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Time to Consider Buying "Optional" No-Fault Benefits

Written by Edward H. Masters

The no‑fault accident benefits have been drastically reduced

Did you know that your automobile insurance benefits were substantially reduced on June 1, 2016? The reductions are significant, but a recent survey conducted by the Insurance Brokers Association of Ontario revealed that only 42% of consumers had even heard about the changes and less than 20% could actually identify what those changes were. 

Everyone in Ontario who buys auto insurance needs to know the extent of the reductions and what optional benefits are available to maintain their current level of coverage.

What are the most significant reductions?

The following is a brief summary of the reductions to standard accident benefits:

  • Policies issued before June 1, 2016 provided $50,000 in Medical and Rehabilitation Benefits and an additional $36,000 for Attendant Care Benefits for non-catastrophic injuries. These two types of benefits have now been combined and reduced to a total of $65,000. For many injured people, the reduced combined total will mean having to choose between receiving necessary healthcare and rehabilitation treatments or accessing attendant care. There will simply not be enough money to cover all of these expenses with only $65,000 available for both.
  • Prior to June 1, 2016, people who suffered the most serious "catastrophic" injuries could access $1 million for Medical and Rehabilitation Benefits and an additional $1 million for Attendant Care Benefits. These benefits have been effectively cut in half as there is now a new combined total of only $1 million. This means that the most seriously injured accident victims have lost $1 million in standard coverage.

What happened to my benefits on June 1, 2016?

The reductions to Accident Benefits are effective June 1, 2016. However, they will not take effect until your policy is renewed. People with policies that renewed prior to June 1, 2016 will continue with the same level of standard coverage as before until they renew their policy. The changes do not apply retroactively. This means that, if you are in an accident after June 1, 2016, but your policy renewal has not yet taken place, your old coverage will still apply.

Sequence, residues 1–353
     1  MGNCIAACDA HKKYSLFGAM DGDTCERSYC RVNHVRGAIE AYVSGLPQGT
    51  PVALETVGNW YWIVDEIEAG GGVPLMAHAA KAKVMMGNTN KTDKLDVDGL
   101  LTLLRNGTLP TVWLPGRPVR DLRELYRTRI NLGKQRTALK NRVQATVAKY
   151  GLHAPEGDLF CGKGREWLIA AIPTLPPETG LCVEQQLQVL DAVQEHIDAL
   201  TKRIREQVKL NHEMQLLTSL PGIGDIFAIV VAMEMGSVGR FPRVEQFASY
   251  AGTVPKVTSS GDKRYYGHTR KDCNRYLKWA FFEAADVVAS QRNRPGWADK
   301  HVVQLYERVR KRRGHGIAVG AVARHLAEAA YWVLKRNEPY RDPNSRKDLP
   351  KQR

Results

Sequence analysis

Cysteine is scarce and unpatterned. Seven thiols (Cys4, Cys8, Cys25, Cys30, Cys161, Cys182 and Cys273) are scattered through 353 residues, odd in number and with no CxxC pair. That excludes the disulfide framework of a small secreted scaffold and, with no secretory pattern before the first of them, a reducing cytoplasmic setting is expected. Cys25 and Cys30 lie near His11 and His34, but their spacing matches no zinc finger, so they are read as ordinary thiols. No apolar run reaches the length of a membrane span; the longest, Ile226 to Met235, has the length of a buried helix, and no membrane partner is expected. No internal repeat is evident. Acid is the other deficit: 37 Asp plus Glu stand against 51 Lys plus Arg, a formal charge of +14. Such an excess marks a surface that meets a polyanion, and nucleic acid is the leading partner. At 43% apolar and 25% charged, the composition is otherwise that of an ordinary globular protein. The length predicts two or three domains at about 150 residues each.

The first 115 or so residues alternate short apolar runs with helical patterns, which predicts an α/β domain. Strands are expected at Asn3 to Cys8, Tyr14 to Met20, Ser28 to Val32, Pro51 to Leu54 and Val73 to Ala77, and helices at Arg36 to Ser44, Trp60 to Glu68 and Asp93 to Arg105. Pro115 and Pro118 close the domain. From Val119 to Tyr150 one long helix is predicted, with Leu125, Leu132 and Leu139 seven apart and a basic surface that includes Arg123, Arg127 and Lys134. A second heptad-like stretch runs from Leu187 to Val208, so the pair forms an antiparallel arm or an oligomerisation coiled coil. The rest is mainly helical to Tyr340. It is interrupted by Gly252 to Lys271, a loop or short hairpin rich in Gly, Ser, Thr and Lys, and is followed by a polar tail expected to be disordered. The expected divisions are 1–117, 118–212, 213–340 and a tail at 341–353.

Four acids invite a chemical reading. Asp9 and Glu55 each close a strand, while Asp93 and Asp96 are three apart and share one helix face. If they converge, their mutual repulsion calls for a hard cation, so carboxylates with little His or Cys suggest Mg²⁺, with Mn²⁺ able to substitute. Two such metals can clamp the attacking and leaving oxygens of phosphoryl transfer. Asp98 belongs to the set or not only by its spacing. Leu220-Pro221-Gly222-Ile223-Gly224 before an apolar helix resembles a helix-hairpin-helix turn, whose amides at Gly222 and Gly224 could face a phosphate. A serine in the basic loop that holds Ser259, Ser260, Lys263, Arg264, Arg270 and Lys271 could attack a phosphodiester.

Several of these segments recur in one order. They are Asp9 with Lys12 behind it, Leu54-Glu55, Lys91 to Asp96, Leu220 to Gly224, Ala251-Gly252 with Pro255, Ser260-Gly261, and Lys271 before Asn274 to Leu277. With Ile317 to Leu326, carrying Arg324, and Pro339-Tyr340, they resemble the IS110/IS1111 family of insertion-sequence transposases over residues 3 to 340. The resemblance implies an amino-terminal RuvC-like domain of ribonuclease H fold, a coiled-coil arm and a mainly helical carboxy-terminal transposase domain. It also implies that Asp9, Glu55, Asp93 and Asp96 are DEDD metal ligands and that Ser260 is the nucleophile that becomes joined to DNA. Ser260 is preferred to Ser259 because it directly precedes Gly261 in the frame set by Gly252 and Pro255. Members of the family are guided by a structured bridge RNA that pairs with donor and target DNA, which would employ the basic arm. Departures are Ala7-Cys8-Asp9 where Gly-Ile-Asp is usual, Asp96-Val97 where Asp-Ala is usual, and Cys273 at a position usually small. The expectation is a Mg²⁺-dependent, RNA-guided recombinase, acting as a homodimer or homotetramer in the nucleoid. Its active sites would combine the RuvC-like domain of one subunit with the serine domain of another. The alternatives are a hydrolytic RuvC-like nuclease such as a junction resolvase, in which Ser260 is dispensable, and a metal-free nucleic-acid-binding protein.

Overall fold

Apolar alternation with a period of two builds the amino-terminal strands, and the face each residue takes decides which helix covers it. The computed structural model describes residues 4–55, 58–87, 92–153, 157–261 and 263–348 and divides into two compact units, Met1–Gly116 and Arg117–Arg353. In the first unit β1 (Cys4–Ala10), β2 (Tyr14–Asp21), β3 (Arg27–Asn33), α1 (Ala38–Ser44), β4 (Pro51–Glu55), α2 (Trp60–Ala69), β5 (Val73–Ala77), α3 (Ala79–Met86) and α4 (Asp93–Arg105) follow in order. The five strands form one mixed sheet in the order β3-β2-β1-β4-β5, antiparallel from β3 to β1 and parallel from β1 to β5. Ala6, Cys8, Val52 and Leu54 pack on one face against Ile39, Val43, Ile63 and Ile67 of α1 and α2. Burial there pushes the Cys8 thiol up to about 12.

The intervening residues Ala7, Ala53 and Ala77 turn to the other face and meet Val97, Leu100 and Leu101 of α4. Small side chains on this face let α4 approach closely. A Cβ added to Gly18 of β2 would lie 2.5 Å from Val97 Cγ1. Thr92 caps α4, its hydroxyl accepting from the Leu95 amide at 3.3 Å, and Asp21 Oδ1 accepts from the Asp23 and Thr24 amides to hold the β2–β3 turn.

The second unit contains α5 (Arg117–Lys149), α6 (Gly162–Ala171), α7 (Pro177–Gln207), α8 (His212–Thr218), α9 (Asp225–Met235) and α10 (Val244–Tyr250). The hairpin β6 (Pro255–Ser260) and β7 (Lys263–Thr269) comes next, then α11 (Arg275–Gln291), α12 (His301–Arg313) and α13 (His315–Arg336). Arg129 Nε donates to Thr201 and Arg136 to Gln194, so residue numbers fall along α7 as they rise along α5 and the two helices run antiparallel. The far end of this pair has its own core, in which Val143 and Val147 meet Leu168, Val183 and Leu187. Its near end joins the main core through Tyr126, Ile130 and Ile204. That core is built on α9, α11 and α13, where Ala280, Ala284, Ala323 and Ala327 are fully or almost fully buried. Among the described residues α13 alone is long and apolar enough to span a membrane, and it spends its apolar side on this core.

When you renew your policy the new limits on standard benefits come into effect and they will be at the reduced level. This means that individuals injured in car accidents after June 1, 2016 may be in significantly different positions as far as what level of no‑fault benefits they can access depending on when their policies renew.

How do you make sure you have the right coverage?

It is important that you speak with your insurance company, broker or salesperson and familiarize yourself with the new benefit reductions so that you can make an informed decision about the amount of coverage you need to protect yourself and your family. You can do this by purchasing "optional" benefits at an additional cost.

Optional Benefits

You should seriously consider purchasing optional benefits. The steady erosion of the standard no‑fault benefits over the past 20 years means that the new reduced limits are no longer adequate for most of us if we are seriously injured. This means that when you renew your policy you must investigate the available optional benefits and purchase the right options to meet your specific needs.

I expect that you will find that upgrading your protection by buying optional benefits is relatively inexpensive. Based on available information, it seems that increasing the combined Medical/Rehabilitation and Attendant Care limit for non‑catastrophic injuries from $65,000 to $130,000 may cost less than $50 a year. Increasing this coverage to the maximum available of $1 million may cost under $70 a year. Increasing coverage for catastrophic injury from $1 million to $2 million may only cost about $40 a year. You may find that for about $150 a year you can increase your coverage to the maximum now available. If you or a member of your family is catastrophically injured in a car accident, you will consider it $150 well spent.

Conclusion

I often see how important accessing no‑fault benefits can be for my clients so that they can achieve maximum medical recovery in the shortest period possible. No one likes to pay for car insurance. But paying for appropriate insurance is much better than being injured in a car accident and discovering that you do not have enough insurance. Familiarize yourself with the reductions to the standard accident benefits and the amount and cost of the available optional benefits and buy the insurance protection you need to protect yourself and your family members.

If you have been injured in a car accident you should contact one of the lawyers at Burke-Robertson LLP for advice regarding your legal right to compensation.

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